Soil key battle ground for climate change and food security

Soil may not be a sexy subject and rarely gets the credit it deserves, but this week Defra published a plan recognising its importance in providing food security and the challenges it faces from industrial pollution and a changing climate.

Safeguarding our Soils acknowledges the stress on Britain's soils from 200 years of intensive agriculture and industrialisation, and sets out how government plans to tackle issues such as erosion, loss of organic matter and nutrients and the pressure on existing land for building.

By 2050 the world will need to double current food production to feed a growing population, possible only with healthy soils.

Future sustainability of the UK's food supply will depend on maintaining the natural resources, including soil, on which production depends.

Environment Secretary Hilary Benn said: "Soil is one of the building blocks of life.

"Good quality soils are essential for a thriving farming industry, a sustainable food supply, and a healthy environment.

"Britain's soils hold more carbon than all the trees in Europe's forests - and their protection is critical if we are to successfully combat climate change.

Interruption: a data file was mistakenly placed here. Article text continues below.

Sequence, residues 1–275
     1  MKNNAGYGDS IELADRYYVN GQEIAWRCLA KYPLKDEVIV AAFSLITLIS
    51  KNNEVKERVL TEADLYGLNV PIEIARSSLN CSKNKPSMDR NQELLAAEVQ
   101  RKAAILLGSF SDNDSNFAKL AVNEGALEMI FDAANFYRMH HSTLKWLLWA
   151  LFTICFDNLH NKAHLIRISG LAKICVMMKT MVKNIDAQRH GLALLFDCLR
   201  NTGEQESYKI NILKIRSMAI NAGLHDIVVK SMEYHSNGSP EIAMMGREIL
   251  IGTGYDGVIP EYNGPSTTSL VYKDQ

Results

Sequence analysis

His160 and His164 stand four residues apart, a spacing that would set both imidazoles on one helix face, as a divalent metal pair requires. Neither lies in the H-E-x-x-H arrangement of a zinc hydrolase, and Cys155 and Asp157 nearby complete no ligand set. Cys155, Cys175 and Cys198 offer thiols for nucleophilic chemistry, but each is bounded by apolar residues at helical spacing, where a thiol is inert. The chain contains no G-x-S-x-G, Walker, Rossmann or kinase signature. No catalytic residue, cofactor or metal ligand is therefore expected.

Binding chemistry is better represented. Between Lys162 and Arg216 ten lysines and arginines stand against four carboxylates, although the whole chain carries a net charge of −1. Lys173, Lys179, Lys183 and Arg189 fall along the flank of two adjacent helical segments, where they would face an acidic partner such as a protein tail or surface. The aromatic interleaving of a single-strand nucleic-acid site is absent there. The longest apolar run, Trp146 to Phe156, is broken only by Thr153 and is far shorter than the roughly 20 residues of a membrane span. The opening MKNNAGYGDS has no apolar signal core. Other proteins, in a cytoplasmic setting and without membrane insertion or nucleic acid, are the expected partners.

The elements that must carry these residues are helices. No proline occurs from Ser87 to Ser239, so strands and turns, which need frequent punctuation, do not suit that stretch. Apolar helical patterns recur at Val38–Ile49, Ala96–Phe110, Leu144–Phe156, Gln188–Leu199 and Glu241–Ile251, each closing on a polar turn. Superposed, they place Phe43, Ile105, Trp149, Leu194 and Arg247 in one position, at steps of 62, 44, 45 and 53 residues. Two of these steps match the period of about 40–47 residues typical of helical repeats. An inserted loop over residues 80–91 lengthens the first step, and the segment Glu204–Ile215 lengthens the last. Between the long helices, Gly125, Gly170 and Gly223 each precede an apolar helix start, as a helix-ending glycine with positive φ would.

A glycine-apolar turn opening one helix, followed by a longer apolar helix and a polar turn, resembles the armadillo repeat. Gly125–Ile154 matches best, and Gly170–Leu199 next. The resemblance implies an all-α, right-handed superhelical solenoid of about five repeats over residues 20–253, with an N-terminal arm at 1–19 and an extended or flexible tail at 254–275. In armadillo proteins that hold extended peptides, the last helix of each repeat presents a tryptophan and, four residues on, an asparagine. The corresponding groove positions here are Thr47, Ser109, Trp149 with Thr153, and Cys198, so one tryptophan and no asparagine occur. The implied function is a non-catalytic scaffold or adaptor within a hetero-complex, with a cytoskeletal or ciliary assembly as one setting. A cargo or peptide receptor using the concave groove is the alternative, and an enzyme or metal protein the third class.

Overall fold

"This is an important step in increasing the value we place on soil, and will safeguard this vital resource now and in the future."

The strategy sets out how the government will:

  • Support farmers in managing agricultural soil, and address the threats to it;

  • Reduce the rate of loss of carbon in soil to tackle climate change, and use soil to help adapt to the impacts of climate change;

  • Provide a framework for action to protect peat habitats;

  • Protect soils in urban areas during development and construction;

  • Value soils in the planning system;

  • Prevent pollution of soils, and deal with the historic legacy of contaminated land.

  • Sam Bond


    agriculture | food


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